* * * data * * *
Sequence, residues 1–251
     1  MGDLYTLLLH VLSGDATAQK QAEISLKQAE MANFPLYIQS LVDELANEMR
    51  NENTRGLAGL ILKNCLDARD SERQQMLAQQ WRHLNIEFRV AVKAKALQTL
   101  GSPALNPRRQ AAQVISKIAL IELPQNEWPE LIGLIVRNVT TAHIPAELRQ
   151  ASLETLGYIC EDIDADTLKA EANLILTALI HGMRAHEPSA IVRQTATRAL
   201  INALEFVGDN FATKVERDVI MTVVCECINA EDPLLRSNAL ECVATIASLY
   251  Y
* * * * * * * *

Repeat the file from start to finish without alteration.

Sequence, residues 1–251
     1  MGDLYTLLLH VLSGDATAQK QAEISLKQAE MANFPLYIQS LVDELANEMR
    51  NENTRGLAGL ILKNCLDARD SERQQMLAQQ WRHLNIEFRV AVKAKALQTL
   101  GSPALNPRRQ AAQVISKIAL IELPQNEWPE LIGLIVRNVT TAHIPAELRQ
   151  ASLETLGYIC EDIDADTLKA EANLILTALI HGMRAHEPSA IVRQTATRAL
   201  INALEFVGDN FATKVERDVI MTVVCECINA EDPLLRSNAL ECVATIASLY
   251  Y